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5 of the Spots that Define Maine

Tenants Harbor

There’s a lot of Maine to love. We’re lucky to have agriculture, wilderness, food, and much more within our state’s borders. To celebrate our wealth of local goodness, we recently criss-crossed our home state during A Week in Maine, highlighting just a few places that are special to us. Together, we think they represent the amazing span of what’s available right here. If you wanted to see it all for yourself, these spots are a great place to start.

1: Aroostook County

We stayed in Presque Isle, but there are so many beautiful towns in Aroostook County. Fun Fact: it’s the biggest single county east of the Mississippi. Up in “The County” it almost feels like you’re out West, with hills and fields rolling to the horizon—the view alone is worth a visit. There are also some quintessentially Maine spots to drop in for food and drink. On the way up, your ice cream fix awaits at Houlton Farms Dairy, in Houlton, Maine. Homemade peanut butter fudge should not be missed under any circumstances. Another stop would be the Mapleton Diner—where we had an unreal prime rib corned beef hash. You also should not overlook Presque Isle’s The Irish Setter, where you can find big, frosty mugs of Allagash White and tasty Irish-themed bar fare.

2: The Allagash Wilderness Waterway

Nearly a straight shot West, you’ll find the Allagash Wilderness Waterway. What you won’t find is cell phone service (which we’d consider a very good thing). During our most recent trip, we spent our time camping out on the shores of Chamberlain Lake. This twelve-mile-long body of water sits at the Southern end of the Allagash Wilderness Waterway, and features a first-come first-served campsite system. We’d recommend Ledge Point, the campsite we secured at the southwest corner of the lake. Unless you’re a skilled paddler and camper with all the necessary gear, we’d also advocate going with a guide. Our choice would be Chip and Lani of Allagash Canoe Trips. Chip is actually a third-generation Allagash guide, and his campfire cooking skills alone show it.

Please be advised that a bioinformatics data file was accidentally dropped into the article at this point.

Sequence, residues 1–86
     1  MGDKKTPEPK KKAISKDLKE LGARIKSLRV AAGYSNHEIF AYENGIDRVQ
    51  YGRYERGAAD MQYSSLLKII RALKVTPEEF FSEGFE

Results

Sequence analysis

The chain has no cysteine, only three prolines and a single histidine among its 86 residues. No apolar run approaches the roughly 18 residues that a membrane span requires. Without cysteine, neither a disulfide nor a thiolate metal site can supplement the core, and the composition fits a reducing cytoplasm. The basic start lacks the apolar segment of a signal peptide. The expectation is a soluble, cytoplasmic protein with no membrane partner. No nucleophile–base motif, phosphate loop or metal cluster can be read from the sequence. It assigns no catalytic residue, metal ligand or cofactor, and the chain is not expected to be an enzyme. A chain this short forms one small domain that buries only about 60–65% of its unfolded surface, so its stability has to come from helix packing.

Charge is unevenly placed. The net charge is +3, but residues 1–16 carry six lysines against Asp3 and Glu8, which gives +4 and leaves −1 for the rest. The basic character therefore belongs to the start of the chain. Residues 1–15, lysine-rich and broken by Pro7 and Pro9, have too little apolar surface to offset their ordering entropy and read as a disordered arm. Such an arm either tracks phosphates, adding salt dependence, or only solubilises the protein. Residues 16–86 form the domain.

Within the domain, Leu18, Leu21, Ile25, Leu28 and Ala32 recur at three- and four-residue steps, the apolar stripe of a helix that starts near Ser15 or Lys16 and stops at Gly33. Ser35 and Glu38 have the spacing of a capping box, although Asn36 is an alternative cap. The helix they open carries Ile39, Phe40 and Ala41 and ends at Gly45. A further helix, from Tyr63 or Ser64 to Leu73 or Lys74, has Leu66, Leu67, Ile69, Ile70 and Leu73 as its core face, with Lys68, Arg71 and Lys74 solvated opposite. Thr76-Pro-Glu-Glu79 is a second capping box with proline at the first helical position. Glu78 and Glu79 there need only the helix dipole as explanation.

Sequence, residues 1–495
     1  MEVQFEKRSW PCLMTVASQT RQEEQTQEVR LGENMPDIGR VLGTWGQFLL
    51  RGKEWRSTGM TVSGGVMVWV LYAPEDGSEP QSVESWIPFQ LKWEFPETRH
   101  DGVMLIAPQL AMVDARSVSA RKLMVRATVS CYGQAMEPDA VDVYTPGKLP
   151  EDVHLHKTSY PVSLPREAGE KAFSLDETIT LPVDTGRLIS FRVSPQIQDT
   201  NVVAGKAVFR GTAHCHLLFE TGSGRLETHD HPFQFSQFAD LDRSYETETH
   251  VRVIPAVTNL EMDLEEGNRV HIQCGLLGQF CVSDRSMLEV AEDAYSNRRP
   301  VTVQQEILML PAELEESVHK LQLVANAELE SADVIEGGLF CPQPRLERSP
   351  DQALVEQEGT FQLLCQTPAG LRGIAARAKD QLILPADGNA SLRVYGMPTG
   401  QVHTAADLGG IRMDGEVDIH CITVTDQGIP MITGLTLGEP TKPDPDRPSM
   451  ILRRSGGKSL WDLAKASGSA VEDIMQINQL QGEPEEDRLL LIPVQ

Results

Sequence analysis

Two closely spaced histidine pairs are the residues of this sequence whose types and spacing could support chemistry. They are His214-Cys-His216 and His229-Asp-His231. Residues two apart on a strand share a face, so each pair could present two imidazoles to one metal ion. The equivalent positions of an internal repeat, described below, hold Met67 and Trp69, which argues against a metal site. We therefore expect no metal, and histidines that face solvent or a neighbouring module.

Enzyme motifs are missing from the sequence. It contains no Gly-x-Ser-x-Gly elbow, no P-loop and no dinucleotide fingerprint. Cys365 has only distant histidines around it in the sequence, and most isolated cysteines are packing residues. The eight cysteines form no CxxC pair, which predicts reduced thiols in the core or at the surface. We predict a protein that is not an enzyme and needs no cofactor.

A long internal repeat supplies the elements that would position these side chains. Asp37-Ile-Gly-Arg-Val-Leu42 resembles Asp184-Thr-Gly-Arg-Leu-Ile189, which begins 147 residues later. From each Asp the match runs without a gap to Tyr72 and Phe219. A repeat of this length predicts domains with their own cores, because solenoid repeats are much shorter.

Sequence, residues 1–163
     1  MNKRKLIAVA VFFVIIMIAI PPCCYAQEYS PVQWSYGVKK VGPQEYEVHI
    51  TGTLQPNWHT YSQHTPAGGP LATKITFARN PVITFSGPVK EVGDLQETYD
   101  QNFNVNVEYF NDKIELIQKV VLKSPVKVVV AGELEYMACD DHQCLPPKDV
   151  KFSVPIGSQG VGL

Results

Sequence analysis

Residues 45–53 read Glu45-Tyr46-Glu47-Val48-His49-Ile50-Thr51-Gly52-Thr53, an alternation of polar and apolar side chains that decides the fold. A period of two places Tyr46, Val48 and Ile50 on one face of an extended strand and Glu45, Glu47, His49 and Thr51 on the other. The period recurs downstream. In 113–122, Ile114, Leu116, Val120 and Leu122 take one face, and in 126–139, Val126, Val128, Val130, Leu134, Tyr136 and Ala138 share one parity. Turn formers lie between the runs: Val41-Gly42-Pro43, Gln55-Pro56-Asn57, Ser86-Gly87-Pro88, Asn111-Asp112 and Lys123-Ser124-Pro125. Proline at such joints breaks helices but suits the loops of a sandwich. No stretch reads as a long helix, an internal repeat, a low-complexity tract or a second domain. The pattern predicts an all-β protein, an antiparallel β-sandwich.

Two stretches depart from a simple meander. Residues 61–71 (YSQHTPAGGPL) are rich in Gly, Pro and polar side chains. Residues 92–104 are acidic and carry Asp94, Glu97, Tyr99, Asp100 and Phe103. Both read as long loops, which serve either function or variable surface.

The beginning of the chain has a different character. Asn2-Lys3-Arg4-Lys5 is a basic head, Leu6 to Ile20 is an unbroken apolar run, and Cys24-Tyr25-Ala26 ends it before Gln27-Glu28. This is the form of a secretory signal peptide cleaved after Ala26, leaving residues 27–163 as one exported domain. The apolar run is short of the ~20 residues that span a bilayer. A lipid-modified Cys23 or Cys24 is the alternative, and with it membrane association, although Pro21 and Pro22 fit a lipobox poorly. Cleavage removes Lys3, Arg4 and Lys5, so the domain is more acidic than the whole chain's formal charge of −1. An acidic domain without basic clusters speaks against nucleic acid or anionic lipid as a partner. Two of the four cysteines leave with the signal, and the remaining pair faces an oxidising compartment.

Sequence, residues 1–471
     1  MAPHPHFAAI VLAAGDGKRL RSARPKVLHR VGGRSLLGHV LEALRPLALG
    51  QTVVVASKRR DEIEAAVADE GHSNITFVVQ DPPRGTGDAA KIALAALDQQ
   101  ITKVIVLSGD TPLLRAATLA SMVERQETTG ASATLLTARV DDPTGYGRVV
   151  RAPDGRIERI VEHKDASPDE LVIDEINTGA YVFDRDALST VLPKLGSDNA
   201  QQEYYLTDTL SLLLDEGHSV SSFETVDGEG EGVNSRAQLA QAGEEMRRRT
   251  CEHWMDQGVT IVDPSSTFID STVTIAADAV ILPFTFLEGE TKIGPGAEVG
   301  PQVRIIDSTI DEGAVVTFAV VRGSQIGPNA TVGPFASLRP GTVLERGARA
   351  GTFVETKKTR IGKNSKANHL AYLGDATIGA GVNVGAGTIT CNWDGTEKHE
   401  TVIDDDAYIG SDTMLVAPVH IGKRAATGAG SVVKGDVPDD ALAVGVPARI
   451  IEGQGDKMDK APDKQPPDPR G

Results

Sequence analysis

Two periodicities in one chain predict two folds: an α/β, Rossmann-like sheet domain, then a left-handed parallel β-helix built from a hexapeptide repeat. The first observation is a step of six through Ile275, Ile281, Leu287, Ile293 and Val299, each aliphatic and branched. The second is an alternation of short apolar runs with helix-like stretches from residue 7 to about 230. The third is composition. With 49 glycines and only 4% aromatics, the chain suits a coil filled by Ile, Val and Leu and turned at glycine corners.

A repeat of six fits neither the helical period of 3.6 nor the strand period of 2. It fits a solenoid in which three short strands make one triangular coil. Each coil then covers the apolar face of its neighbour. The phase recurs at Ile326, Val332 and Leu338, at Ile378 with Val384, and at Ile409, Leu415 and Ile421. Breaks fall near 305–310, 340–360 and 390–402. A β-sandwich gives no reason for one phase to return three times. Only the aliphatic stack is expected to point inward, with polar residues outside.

3: Moosehead Lake Region

Moosehead Lake is a year-round vacation spot for Mainers and out-of-staters alike. We filled our time there with a hike up Mt. Kineo, a moose-watching tour through Northwoods Outfitters, and a delightful meal at Stress Free Moose in Greenville. Our cottage at The Birches was steps away from the lake’s water, and provided a clear view of floatplanes taking off and setting down. If the lake’s name didn’t already give it away, this is also prime moose-sighting country. Seriously, just pick a road—either around sunrise or sunset, when the moose are most active—drive slow, and you’ll spot one eventually.

4: Camden

Next, you can’t miss Maine’s inimitable coast. This time around, we stopped in Camden. Just a mile up Route 1 from the town proper, you’ll find Camden Hills State Park. Mount Battie rises from the center of the park, and offers a gorgeous view of the harbor below. To reach this vista, you can either hike up or—if you’re almost late for a reservation like we were—just pop in your car and drive to the top. Once you’re done there, head downhill to the James Beard Award-nominated Thai cuisine at Long Grain. And you’re just minutes away from Rockport and Rockland, which also offer up beer, art, and much more. Pro Tip, if you’re a film buff, head there during the Camden International Film Festival, it’s an intimate festival featuring world-class documentaries.

5: Tenants Harbor/ Damariscotta River

You can’t leave Maine without getting in a little fresh seafood—and both of these spots deliver. Tenants Harbor’s accessibility doesn’t prepare you for how secluded it feels. It’s like all of Maine’s lobstering communities distilled into one quiet nook. When it comes to Lobster, you have a built-in spot in Luke’s Lobster. They buy 100% of the lobster caught in Tenants Harbor, and are actually a member of the Lobstermen’s Coop there, which was founded in 2016. After you’ve had your fill of lobster rolls, a short trip south will have you at Glidden Point Oyster Farm. The oysters come fresh out of the Damariscotta river—an oyster-growing spot that dates back nearly 2,000 years. To top it off, the Glidden Point shop is BYOB. So be sure to pack in a beer or two to enjoy with your freshly shucked oysters. We’d recommend an Allagash White or Tripel, if you were wondering.

And there you have it, a small sampling from a long list of places we love in Maine. If you have any must-see spots you thought we missed, we’d love to hear from you.

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